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Quick Thoughts on Assange Arrest

WikiLeaks founder Julian Assange after he was arrested by British police, in London, Britain, April 11, 2019. (Henry Nicholls/Reuters)

Here are a few things we know, and a few to think about, with respect to the arrest of Julian Assange by British police in London.

Assange wore out his welcome with Ecuador, which hosted him for seven years.

The Brits have a comparatively minor charge against him: essentially bail jumping in 2012, when he failed to appear as directed to a court in Westminster. That was during the time when he was trying to avoid extradition to Sweden on sexual assault charges. Those charges have been dropped, although Swedish authorities could revive them. The fact that the underlying charges are no longer in effect is not a defense to jumping bail. Still, it makes the offense appear more minor.

Consequently, the driving force of today’s arrest seems to be an American effort to have Assange extradited. The Washington Post is now reporting that, in 2017, the Justice Department charged Assange in a sealed indictment with conspiring to publish classified U.S. documents — specifically, conspiring in 2010 with then-Bradley Manning, a U.S. Army intelligence analyst, among others.

The Metropolitan police in London have acknowledged that Assange’s arrest is based, in part, on U.S. extradition request. Even our British ally will not extradite people to the United States unless charges have been filed.

Last year, in a court in the U.S. district court in Alexandria, the Justice Department accidentally filed an application to seal a criminal complaint. It was not Assange’s case, but the prosecutor obviously cut and pasted from a similar motion that had been filed in a case involving Assange, and had failed to take out Assange’s name.

It is customary to file an arrest complaint under seal if the person charged is not in custody. An arrest warrant is issued, and the complaint is unsealed when the person is arrested and is presented in court. The sealing, obviously, is done to discourage flight and the destruction of evidence — though it would not have much effect in the case of Assange, who was already in flight and well aware that the U.S. Justice Department was trying to make a case on him.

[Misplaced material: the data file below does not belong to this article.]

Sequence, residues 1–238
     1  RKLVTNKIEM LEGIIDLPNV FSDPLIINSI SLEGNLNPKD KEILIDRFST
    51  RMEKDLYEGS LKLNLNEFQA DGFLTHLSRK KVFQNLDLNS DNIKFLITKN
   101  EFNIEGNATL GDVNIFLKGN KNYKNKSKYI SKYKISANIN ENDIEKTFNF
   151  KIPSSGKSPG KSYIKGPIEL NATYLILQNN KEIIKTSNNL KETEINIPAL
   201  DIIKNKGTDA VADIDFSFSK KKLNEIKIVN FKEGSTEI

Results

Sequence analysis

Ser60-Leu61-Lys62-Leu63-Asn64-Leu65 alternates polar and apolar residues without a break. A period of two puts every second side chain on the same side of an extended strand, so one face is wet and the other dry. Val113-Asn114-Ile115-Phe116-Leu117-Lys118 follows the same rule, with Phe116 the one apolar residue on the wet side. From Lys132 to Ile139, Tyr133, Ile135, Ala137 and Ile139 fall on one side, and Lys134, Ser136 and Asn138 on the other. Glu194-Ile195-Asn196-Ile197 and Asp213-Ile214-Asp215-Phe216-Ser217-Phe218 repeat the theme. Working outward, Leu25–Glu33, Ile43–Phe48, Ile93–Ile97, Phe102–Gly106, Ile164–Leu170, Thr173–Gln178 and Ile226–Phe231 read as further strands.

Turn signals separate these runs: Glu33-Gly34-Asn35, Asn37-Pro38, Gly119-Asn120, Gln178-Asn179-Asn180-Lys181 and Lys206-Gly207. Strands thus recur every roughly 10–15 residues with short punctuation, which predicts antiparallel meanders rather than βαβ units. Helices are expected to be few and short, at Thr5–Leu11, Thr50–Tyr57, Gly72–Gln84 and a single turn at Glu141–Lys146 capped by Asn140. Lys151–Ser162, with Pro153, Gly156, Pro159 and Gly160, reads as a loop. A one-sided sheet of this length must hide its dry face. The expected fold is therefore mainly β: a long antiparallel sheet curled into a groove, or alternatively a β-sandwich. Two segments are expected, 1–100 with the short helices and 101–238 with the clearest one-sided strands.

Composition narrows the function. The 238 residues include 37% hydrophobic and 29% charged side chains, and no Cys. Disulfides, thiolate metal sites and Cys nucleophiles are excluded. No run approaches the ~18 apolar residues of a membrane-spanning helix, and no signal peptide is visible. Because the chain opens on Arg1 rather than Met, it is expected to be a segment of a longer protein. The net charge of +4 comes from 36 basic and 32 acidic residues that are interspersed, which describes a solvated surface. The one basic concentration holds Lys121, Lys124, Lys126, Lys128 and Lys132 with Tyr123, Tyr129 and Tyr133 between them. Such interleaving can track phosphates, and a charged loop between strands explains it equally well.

How strong the case against Assange is will depend on the evidence of his participation in clearly unlawful acts. Here, it is necessary to put aside any revulsion one may have regarding his anti-Americanism and the damage that his willful publication of defense secrets has done. The issue is whether, as a matter of law, he should be seen as a journalist or, say, a thief.

If he is merely receiving top-secret information and publishing it notwithstanding the damage it does, he will be able to argue that he is no different from the New York Times in that regard. On the other hand, if there is proof that he has aided and abetted the theft of information that he then publishes, there will be a case on him. We can debate the degree to which the First Amendment protects journalists who publish classified information (a controversial and unsettled question); but journalists have no immunity to commit crimes (or conspire to commit them, or aid and abet their commission), in order to acquire the information that they then publish.

Assange will be presented in court today on the bail-jumping charge and the extradition warrant. It will be interesting to see if bail is set. Bail jumping is a minor offense. The charges underlying the extradition request could be quite serious. In my experience, however, extradition from Britain is a drawn-out, very difficult process. This is going to take a while.

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